Official levels conflict-of-interest accusation at attorney

October 07, 2005|By CANDICE BOSELY

MARTINSBURG, W.Va. - Tense words were exchanged Thursday morning between a Berkeley County commissioner and the county's attorney over an issue Commissioner Howard Strauss said could be perceived as a conflict of interest.

Attorney Norwood Bentley, who said after the meeting that he was taken aback by Strauss' comments, refuted the allegations of being involved in a conflict of interest.

"I resent any implication that I have done anything untoward or that doesn't fit with the law or the rules of professional responsibility," Bentley said during the meeting.


Strauss said during the heated exchange that he would avoid discussing specifics, but he said his concerns centered on whether Bentley has been offering advice to county officials who late last year filed a lawsuit against the commission.

Last December, Berkeley County Prosecutor Pamela Games-Neely, Sheriff Randy Smith, Circuit Clerk Virginia Sine and outgoing Assessor Evelyn Fink filed a lawsuit against the commission, alleging the commission adopted an unfair salary scale, refused to allow an adequate number of employees to be hired and has not dispersed reasonable budgets to certain offices.

Following sizeable employee salary increases recently, Games-Neely has written an order removing her office from the list of petitioners, but the other three wish to pursue the suit, Bentley said.

While talking during the meeting about the lawsuit - which Bentley said has been put on hold by a Circuit Court judge - Strauss said he wanted to make it clear that Bentley only represents the County Commission. He should not offer advice to any other county official unless he is directed to do so by the commission, Strauss said.

Bentley, an attorney with the law firm Bowles Rice McDavid Graff & Love, said his contract with the county requires him to serve all county officials, not simply the commission.

He said he is not now, and never has been, guilty of being involved in a conflict of interest.

Should the lawsuit wind its way into a courtroom, Bentley said he would "bow out" and tell the County Commission to hire another attorney to handle that case.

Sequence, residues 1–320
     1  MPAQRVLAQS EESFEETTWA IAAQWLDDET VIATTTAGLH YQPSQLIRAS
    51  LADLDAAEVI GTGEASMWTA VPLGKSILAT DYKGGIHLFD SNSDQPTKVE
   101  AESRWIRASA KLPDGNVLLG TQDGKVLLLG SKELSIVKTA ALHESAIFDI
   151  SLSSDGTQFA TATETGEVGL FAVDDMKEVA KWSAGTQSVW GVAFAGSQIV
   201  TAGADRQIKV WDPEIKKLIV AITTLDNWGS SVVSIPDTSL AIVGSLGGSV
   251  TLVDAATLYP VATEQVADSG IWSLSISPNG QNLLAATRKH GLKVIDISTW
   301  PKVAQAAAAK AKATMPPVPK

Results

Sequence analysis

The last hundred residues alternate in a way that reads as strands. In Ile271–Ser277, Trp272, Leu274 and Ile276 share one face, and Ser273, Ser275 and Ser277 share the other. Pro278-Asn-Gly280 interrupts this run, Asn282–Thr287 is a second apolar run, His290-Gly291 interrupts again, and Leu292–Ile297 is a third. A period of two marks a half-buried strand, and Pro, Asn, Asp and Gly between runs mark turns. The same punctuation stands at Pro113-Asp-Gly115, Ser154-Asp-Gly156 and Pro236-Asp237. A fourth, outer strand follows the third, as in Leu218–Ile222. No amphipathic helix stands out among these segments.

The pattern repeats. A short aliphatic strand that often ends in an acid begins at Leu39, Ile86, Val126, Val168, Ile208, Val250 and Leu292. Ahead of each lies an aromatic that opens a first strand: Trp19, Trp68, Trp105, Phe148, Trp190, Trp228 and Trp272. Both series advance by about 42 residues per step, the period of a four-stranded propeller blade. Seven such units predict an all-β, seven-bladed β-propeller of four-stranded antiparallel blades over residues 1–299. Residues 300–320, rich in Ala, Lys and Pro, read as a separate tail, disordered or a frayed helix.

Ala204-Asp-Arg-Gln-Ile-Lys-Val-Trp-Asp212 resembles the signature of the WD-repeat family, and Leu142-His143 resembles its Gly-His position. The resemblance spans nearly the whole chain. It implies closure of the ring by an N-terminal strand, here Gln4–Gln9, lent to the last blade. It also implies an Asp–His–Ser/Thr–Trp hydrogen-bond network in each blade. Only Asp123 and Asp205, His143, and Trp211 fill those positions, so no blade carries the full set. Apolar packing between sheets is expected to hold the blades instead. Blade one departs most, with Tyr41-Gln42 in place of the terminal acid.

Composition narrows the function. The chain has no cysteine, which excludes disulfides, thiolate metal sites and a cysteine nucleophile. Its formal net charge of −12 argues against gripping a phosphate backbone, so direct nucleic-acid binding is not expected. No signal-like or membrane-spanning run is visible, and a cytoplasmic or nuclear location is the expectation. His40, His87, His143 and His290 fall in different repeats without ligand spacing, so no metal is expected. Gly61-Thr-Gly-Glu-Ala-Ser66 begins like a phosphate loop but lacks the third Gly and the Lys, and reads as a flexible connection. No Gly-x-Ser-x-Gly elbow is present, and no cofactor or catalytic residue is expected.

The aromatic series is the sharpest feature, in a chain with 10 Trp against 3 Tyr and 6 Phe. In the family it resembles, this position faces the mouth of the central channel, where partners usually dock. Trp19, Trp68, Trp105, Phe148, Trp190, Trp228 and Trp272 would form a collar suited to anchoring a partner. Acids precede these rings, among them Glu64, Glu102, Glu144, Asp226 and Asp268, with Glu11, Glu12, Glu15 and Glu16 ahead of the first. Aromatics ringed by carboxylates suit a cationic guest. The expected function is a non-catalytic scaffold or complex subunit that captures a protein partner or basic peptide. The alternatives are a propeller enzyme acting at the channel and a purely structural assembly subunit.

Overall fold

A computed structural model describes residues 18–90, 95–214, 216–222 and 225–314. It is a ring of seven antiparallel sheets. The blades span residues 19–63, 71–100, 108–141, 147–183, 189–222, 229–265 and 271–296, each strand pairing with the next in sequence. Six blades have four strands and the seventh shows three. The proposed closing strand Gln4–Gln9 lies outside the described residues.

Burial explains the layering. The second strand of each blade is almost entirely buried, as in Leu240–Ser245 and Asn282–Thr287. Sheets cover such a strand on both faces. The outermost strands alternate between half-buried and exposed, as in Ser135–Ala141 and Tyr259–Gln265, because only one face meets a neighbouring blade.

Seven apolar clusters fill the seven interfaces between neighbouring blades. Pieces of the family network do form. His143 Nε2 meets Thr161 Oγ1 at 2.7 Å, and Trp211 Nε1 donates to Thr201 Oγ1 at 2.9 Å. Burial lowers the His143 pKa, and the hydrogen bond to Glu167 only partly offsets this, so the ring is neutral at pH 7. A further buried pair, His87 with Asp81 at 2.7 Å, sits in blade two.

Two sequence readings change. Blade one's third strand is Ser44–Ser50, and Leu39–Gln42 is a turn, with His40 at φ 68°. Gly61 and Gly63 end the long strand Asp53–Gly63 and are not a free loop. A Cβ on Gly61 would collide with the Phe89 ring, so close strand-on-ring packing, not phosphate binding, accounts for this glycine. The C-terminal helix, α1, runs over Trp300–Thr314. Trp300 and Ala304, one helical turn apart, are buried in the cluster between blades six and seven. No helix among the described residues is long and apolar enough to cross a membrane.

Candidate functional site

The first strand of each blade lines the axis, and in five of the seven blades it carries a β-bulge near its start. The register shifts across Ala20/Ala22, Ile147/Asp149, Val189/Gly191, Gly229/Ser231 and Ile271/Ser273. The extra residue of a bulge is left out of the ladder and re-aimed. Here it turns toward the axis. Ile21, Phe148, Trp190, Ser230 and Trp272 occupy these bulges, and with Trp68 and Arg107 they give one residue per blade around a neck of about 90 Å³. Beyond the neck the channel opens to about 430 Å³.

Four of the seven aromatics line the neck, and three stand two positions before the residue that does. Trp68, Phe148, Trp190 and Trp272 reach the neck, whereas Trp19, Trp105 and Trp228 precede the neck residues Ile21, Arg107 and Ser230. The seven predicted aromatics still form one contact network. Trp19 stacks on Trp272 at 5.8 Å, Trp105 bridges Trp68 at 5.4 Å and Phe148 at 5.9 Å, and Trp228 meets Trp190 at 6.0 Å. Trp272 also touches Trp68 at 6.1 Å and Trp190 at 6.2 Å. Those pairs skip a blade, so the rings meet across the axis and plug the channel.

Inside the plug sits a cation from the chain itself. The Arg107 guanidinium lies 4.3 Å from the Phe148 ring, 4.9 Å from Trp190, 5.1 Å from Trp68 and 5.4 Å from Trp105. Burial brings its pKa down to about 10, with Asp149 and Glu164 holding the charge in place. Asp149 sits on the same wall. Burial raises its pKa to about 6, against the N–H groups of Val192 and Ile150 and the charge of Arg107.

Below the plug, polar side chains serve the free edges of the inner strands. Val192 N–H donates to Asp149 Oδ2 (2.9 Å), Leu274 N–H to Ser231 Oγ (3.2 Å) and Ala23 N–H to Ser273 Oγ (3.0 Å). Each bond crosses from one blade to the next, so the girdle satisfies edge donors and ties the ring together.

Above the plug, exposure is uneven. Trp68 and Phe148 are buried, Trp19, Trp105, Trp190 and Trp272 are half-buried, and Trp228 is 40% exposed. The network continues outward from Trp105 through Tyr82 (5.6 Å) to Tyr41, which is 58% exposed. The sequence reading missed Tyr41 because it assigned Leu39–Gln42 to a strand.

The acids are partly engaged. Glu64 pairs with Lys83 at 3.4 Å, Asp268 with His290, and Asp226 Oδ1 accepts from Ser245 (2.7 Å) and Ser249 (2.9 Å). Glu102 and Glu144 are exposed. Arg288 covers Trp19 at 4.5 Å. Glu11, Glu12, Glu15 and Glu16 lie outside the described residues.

He said he has met with the county officials who filed the lawsuit to try to resolve the matter.

"I don't think you mean to say, don't give any advice to them while this (lawsuit) is pending," Bentley said during the meeting as he tried to clarify Strauss' statements.

Strauss responded that he believes a conflict of interest exists because Bentley has been giving advice to those who have sued the commission.

"Your representation should be of the county commissioners and not the petitioners," Strauss said.

"That's not what your contract says," Bentley replied.

He then curtly told Strauss that if he wished to discuss the matter further he needed to make an appointment to meet. Strauss replied that he would schedule an appointment.

After the meeting, Strauss said that any "dual representation" by Bentley should cease until after the lawsuit is resolved. Any advice needed by one of the petitioners should be given by an outside law firm, Strauss said.

Strauss declined to say what prompted him to address the matter, and Bentley said he could only speculate on what might have prompted the allegations.

"I don't know what it was all about. It came out of the clear blue," said Bentley, who has been the lead counsel for the county since 1993. His firm is paid $92,000 a year to represent the county.

He said he would have preferred that Strauss broached the topic privately. During the discussion at the meeting, two reporters and several members of the public were sitting in the audience.

Still, Bentley agreed to discuss it after the meeting.

"I feel compelled to publicly address it, because I was publicly attacked," he said.

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